Wednesday, November 28, 2007

Another chapter in the sad story of our Establishment press

One of the most urgent tasks for a Democratic administration if we're lucky enough to get one in 2009 should be making legal and regulatory changes to restore an environment where a more responsible mainstream media could grow. Changes such as limiting corporate conglomerate control of newspapers and re-establishing something like the Fairness Doctrine.

Media Matters' Eric Boehlert gives an excellent example of the decay of American journalism in his account of ABC's Nightline and its now almost non-existent coverage of the Iraq War in ABC's Nightline walks away from Iraq 11/27/07:

What's so distressing is that television's wholesale withdrawal from covering the war comes at a time when Americans, week after week and month after month, tell pollsters that the "situation in Iraq" is the story they follow most closely, according to the Pew Research Center's weekly News Interest Index. According to Pew, for the week of September 16-21, nearly a third of the public (32 percent) followed news about the situation in Iraq very closely." That figure was virtually unchanged in Pew's most recent survey, for the week of November 11-16.
(continued below the fold...)

Yet what percentage of their total news coverage do television outlets devote to the situation in Iraq? Less than 5 percent. That disconnect between what news consumers are clamoring for (i.e. substance from Iraq) and what news professionals are providing (i.e. everything but) is astonishing.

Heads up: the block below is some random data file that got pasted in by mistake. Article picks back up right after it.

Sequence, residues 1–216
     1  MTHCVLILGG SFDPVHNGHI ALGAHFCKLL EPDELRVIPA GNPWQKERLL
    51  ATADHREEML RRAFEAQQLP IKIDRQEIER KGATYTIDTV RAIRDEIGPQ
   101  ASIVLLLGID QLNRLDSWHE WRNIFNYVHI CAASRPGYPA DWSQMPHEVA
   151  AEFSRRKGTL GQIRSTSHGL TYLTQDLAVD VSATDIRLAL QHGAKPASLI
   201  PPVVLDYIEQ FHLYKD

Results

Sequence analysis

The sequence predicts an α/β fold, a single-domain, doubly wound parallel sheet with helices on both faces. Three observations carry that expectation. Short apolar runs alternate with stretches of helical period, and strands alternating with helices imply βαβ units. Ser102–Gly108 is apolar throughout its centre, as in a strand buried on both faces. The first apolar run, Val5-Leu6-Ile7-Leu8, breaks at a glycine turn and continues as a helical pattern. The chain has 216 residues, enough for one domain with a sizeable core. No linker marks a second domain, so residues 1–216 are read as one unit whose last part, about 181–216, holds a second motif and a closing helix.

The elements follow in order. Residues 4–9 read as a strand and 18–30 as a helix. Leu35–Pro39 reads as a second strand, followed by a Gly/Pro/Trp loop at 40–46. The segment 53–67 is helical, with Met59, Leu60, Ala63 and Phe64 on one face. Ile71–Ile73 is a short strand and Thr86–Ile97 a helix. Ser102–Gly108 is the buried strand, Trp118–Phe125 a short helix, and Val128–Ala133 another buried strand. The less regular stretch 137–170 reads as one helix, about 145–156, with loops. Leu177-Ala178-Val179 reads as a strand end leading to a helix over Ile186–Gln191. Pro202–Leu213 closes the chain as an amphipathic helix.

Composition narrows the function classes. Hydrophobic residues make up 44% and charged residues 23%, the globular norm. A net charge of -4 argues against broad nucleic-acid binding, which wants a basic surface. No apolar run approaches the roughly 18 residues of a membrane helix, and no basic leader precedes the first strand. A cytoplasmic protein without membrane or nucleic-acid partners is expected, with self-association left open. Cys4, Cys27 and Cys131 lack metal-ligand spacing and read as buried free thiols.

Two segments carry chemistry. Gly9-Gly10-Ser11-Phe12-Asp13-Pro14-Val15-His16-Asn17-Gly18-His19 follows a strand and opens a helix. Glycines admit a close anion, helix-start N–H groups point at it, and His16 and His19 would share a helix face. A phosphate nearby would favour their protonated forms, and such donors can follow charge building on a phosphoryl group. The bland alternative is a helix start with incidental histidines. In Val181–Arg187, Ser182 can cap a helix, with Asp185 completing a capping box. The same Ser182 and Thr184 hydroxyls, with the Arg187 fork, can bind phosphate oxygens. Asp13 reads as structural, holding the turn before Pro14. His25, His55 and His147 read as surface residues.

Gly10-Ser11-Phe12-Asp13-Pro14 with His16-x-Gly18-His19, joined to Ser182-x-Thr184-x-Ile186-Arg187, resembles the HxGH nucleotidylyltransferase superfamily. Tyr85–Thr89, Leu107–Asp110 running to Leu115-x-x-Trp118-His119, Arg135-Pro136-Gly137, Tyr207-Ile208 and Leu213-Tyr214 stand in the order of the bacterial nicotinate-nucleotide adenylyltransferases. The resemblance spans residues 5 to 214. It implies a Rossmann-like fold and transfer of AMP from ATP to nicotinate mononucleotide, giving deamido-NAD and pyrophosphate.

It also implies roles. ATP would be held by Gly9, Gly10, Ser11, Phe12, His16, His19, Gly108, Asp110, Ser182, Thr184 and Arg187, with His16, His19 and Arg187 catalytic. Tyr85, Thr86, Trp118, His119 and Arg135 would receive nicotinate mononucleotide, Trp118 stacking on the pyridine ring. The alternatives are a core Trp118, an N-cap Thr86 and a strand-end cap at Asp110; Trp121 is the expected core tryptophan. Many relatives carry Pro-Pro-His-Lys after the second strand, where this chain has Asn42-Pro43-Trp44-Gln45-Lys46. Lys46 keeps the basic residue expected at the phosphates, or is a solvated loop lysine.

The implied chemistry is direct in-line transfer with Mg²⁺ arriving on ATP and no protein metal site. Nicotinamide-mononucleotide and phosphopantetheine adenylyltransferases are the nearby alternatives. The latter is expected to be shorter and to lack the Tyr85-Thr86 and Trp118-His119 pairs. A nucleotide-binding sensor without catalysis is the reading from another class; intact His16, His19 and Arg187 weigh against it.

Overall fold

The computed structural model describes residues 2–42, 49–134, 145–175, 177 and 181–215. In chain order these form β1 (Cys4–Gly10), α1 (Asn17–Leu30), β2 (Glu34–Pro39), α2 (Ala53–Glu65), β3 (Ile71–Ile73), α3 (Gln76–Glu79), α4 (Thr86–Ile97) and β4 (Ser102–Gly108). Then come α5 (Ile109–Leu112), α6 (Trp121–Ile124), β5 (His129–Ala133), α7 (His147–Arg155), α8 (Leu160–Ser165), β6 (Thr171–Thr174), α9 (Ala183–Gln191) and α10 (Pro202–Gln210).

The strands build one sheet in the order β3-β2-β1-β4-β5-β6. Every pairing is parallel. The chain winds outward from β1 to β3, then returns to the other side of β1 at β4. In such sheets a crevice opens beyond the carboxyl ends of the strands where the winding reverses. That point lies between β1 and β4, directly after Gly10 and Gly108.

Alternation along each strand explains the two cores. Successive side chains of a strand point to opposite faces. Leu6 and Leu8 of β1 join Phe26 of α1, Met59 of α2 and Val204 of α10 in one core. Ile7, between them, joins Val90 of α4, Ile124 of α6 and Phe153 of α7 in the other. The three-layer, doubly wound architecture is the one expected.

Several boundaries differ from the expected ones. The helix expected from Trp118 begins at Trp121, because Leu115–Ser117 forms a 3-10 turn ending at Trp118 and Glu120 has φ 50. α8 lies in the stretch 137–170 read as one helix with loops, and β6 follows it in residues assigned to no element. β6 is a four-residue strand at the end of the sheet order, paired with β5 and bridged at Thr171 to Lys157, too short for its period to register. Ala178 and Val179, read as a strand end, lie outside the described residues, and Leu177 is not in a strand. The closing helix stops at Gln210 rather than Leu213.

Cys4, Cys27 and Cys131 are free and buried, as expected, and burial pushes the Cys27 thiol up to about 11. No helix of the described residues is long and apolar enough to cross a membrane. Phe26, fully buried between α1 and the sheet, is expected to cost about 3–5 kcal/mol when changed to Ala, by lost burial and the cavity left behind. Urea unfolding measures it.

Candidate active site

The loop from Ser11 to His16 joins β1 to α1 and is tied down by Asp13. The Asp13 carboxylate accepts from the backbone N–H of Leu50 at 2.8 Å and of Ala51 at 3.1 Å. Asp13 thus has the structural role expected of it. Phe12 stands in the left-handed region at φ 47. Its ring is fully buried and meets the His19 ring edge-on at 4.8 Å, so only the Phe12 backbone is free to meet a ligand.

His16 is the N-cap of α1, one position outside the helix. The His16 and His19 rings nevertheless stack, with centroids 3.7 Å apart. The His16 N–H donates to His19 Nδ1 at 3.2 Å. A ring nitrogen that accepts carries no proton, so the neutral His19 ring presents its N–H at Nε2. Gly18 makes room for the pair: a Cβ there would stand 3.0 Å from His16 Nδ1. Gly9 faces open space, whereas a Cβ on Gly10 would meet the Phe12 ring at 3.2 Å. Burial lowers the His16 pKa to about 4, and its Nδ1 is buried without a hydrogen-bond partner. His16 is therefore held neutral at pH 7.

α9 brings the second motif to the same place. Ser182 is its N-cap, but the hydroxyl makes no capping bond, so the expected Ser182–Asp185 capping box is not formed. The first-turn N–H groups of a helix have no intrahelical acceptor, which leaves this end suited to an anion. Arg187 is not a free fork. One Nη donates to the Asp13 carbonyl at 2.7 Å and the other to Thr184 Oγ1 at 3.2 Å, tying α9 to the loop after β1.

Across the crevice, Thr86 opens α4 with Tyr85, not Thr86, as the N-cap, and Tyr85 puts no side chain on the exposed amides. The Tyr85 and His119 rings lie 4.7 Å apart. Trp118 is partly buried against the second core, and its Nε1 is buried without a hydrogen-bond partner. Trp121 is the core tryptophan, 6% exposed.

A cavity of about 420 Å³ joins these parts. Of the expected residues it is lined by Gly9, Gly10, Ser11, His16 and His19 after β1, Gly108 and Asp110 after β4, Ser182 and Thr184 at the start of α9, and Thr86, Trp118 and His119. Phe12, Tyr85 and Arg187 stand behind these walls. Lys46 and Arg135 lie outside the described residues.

What's obvious is that it's becoming increasingly difficult to find news about the war on television. If the U.S. military action inside Afghanistan is often referred to as "The Forgotten War," due to the lack of media attention it receives, what has Iraq become -- "The Forgotten War II"? (my emphasis)
It would seem that the most basic market considerations - what kind of news to consumers want to see? - would be driving increasing coverage of the Iraq War, not less. Advocates of unlimited corporate control of media outlets would claim that the market knows best. But in this case, you really have to wonder if the market's demands aren't being tempered by other considerations, such as administration pressure. Though it would be a mistake to underestimate the ability of brilliant corporate leaders to make dumb mistakes, as the still-unfolding subprime mortgage debacle reminds us daily.

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"It is the logic of our times
No subject for immortal verse
That we who lived by honest dreams
Defend the bad against the worse."

-- Cecil Day-Lewis from Where Are The War Poets?


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